Muddy Bay Brook has had 20 grilse and just two large salmon to July 9, compared with 27 grilse and two large salmon in 2016.

Paradise River is reporting no grilse and 2 large salmon, compared with 9 grilse and 2 large salmon in 2016.

Pratt Falls Lodge on the Eagle River reports that between July 4 and July 9 that more than 100 fish were hooked, with about 80% large salmon. Water levels are on the high side, and at the moment appear to be rising.


Keeping the Atlantic salmon in the water. A beautiful fish allowed to continue its migration upstream. Photo Dan Greenberg

From Charles Cusson, ASF Director of Quebec Programs, from somewhere in the Gaspé:

Thank you, Mother Nature! The rain came to help the York and Dartmouth rivers in Gaspé. They had been suffering through mid-August-like conditions since late June.  The Gaspé Zec should soon be announcing results from the in-river counts.  This will give us an idea what the remainder of the season will be like, and naturally we are keeping our fingers crossed.

Reminder to anglers fishing Quebec Rivers: take the time to report your releases to have the most accurate angling statistics and for the river managers to accurately calculate angling success.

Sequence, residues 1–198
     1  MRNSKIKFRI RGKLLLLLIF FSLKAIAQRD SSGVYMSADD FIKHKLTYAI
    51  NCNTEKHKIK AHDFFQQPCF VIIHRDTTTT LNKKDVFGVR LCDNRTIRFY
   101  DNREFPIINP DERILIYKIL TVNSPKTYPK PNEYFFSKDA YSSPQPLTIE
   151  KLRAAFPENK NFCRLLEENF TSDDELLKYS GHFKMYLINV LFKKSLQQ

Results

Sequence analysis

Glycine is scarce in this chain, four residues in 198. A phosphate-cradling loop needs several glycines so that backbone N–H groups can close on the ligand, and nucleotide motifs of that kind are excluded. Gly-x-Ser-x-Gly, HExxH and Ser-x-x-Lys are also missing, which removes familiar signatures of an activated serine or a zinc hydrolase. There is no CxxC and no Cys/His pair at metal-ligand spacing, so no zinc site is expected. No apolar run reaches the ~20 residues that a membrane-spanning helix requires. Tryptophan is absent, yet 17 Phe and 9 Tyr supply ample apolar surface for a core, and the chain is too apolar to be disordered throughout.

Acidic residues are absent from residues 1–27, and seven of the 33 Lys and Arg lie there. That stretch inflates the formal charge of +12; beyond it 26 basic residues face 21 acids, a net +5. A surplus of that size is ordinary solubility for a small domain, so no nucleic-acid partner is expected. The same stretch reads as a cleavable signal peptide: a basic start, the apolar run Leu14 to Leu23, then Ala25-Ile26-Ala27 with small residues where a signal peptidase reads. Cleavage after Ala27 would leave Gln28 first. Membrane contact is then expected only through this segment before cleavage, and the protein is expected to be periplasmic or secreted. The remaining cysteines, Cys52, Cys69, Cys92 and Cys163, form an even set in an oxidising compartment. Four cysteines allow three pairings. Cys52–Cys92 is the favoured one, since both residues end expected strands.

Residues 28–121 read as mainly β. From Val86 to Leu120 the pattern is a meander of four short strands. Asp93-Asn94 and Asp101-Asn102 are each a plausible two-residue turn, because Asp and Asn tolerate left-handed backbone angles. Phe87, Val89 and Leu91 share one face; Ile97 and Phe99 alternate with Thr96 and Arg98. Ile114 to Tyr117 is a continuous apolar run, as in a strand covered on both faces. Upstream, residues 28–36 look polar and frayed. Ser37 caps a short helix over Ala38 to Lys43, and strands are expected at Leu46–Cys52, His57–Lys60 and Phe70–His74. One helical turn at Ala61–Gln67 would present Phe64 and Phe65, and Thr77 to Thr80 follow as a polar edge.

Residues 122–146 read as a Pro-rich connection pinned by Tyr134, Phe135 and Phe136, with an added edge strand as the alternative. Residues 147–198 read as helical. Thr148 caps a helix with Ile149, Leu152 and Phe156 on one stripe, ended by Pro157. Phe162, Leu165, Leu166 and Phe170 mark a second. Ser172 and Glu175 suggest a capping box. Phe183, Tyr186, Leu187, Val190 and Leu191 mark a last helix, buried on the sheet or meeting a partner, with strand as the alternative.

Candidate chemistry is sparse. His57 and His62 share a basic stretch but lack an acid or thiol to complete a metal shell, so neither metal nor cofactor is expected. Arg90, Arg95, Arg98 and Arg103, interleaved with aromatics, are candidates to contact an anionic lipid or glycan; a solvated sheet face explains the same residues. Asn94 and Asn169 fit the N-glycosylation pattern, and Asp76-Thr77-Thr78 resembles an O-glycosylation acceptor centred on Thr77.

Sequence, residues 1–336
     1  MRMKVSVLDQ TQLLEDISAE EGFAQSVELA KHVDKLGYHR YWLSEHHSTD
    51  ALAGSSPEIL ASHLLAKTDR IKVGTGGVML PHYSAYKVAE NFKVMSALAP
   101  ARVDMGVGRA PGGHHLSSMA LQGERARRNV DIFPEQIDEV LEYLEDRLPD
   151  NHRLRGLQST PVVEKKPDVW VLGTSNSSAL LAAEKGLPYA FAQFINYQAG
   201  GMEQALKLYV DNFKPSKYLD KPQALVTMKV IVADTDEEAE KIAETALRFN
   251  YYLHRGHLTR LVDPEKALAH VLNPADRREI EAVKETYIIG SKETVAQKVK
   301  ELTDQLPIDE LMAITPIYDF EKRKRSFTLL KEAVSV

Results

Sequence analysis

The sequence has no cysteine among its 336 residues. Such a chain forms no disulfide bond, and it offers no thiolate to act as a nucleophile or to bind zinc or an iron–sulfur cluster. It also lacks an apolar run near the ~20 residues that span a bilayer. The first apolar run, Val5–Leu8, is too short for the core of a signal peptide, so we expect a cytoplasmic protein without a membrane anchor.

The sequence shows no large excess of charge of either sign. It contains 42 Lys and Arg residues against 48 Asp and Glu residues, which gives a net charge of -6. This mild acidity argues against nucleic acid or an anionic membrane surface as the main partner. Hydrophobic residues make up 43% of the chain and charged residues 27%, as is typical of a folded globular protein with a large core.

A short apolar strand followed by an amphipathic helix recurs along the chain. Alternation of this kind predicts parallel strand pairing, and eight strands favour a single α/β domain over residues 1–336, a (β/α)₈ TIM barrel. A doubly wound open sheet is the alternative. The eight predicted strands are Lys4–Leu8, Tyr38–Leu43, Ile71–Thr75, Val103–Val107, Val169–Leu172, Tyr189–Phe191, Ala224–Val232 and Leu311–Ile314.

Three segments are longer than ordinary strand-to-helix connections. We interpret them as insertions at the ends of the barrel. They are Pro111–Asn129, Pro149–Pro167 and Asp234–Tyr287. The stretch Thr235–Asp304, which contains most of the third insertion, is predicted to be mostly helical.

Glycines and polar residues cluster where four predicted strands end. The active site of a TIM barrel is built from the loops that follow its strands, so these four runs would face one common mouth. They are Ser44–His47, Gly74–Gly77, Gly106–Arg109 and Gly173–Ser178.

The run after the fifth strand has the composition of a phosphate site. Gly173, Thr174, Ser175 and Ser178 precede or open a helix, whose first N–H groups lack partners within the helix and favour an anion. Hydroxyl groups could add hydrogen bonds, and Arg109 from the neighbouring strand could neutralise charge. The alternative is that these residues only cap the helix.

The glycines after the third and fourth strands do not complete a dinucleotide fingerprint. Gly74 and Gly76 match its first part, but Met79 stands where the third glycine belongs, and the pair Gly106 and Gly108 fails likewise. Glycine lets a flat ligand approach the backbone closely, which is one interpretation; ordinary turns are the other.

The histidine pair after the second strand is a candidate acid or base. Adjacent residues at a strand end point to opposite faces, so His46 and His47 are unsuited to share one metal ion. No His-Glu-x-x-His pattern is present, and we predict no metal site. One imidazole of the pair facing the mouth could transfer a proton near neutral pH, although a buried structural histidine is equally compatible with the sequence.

The Ste-Anne-des-Monts River on the north side of the Gaspé Peninsula shows how the water levels have come up to good fishing levels after having been very low. Taken July 9, 2017.   Photo Charles Cusson/ASF

York, Dartmouth and St-Jean Rivers

Results as of July 9 are available at:

The in-river count was completed on the York on July 9.  The number of salmon counted (650) seems to indicate insufficient abundance to permit a harvest until the next count scheduled for late July.  

John "Jack" Norwood Allman releases a 12lb Salmon in the 89 run of the Cascapedia July 5. Photo Salmon Lodge


Southwest Miramichi -

The July 9 count has come if for the Dungarvon, and it does make interesting reading. There were 33 grilse and 67 large salmon, making a nice round total of 100 Atlantic salmon. In 2016 there were 40 grilse and 50 large salmon to the same date.

Brock Curtis of Curtis Miramichi Outfitters says: